May 17th, 2008
Should married people that own their homes be checking their daily coffee? Seven years of research by Australian Unity and Deakin University on ‘wellbeing’ have yielded some interesting findings about the Australian population. Somewhat surprising is the revelation that widowers are happier than married people, provided that they already own their home.
I can hear it now: “thanks darling, but your services are no longer required.” The report, “What makes us happy?” shows that widows who are also home owners score a ‘wellbeing index’ of 77.5, narrowly beating the 77.0 for married people in the same situation. (This news is particularly worrying when your wife’s PhD is about women who kill – she knows how they can get away with it.)
Your wellbeing index is based on you rating how “satisfied” you are, on a scale of one to ten, over eight different questions such as “Your health”. The answers are averaged and multiplied by 10. The average, for Australia, is about 75 – a bunch of fairly happy campers we are.
The report asserts that widowers are happy because of their demographic: they tend to be the older generations, who are also shown to be happier on average – the older the better in fact. Wellbeing for most drops to its lowest during the mid-40s.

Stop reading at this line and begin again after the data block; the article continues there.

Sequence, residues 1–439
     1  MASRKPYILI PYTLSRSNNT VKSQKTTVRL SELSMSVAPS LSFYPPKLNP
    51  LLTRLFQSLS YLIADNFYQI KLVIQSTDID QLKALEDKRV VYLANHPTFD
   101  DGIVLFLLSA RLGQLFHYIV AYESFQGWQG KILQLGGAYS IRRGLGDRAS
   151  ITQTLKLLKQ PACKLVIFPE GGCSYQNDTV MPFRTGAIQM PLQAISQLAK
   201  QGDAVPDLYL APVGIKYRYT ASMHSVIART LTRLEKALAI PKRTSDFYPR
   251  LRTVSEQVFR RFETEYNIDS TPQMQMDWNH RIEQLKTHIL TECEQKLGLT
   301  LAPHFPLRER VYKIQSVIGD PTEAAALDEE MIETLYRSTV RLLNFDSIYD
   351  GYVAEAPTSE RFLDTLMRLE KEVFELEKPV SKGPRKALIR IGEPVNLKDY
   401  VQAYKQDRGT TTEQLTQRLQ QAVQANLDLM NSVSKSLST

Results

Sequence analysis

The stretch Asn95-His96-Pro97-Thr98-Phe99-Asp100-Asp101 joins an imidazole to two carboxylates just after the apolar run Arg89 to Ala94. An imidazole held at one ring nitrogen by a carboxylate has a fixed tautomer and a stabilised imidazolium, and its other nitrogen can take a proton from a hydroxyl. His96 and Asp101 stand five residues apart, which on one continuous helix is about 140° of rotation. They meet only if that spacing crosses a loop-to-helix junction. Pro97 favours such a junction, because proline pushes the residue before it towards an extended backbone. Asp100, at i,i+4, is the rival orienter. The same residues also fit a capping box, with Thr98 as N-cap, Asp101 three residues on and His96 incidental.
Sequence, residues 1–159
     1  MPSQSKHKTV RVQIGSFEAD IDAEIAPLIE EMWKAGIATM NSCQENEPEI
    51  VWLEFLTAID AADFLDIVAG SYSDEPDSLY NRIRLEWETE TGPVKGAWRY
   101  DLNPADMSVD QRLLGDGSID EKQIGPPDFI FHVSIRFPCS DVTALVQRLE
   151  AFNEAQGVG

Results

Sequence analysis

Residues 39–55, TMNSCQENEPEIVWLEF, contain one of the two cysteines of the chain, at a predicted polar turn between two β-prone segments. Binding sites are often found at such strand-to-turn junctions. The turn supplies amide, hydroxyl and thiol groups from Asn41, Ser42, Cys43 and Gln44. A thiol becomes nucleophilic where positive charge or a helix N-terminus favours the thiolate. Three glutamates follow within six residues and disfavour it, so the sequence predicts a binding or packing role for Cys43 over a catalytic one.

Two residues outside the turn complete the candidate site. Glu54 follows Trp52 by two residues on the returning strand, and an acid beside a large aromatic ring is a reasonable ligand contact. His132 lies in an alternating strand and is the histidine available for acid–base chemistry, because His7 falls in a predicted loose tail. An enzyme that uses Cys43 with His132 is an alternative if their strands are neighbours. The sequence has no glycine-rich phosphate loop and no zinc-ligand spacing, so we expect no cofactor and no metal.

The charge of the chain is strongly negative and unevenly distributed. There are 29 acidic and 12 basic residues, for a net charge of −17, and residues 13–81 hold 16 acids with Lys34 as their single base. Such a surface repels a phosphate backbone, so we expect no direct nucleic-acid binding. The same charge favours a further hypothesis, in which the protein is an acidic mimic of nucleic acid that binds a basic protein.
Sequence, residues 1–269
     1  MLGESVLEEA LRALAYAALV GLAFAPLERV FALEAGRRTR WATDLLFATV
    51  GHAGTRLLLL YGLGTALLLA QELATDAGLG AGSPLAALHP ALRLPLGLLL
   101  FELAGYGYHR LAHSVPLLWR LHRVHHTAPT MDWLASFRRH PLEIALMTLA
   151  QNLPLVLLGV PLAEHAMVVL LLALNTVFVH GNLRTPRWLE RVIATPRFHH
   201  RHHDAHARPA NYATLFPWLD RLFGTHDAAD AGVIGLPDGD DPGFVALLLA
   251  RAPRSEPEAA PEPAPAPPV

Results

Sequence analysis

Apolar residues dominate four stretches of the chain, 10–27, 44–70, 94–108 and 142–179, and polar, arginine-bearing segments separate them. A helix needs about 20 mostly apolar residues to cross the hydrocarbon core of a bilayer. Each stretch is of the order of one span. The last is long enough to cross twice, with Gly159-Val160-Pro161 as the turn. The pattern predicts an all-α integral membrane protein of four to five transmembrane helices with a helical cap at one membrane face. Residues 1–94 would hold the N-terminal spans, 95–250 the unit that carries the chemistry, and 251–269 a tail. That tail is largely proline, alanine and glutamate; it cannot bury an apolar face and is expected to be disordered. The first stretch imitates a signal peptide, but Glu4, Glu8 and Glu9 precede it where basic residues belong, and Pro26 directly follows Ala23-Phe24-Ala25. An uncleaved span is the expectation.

Aside from fairly predicable results, such as sick people being less happy than healthy ones, other more interesting result include:
* Showing that there was no statistical correlation of our growing GDP per capita versus our well-being, despite what the rich ruling class in Australia keep telling us.
* Wellbeing starts to plateau after yearly family income exceeds about $150,000 (AUD).
* Years ago, women were significantly happier than men – now it is roughly the same.
* People who aren’t spiritual/religious are happier than slightly or moderately spiritual/religious people. You need to be a religious zealot/nut (8-10 on a strength scale of 0 to 10), to see any benefit.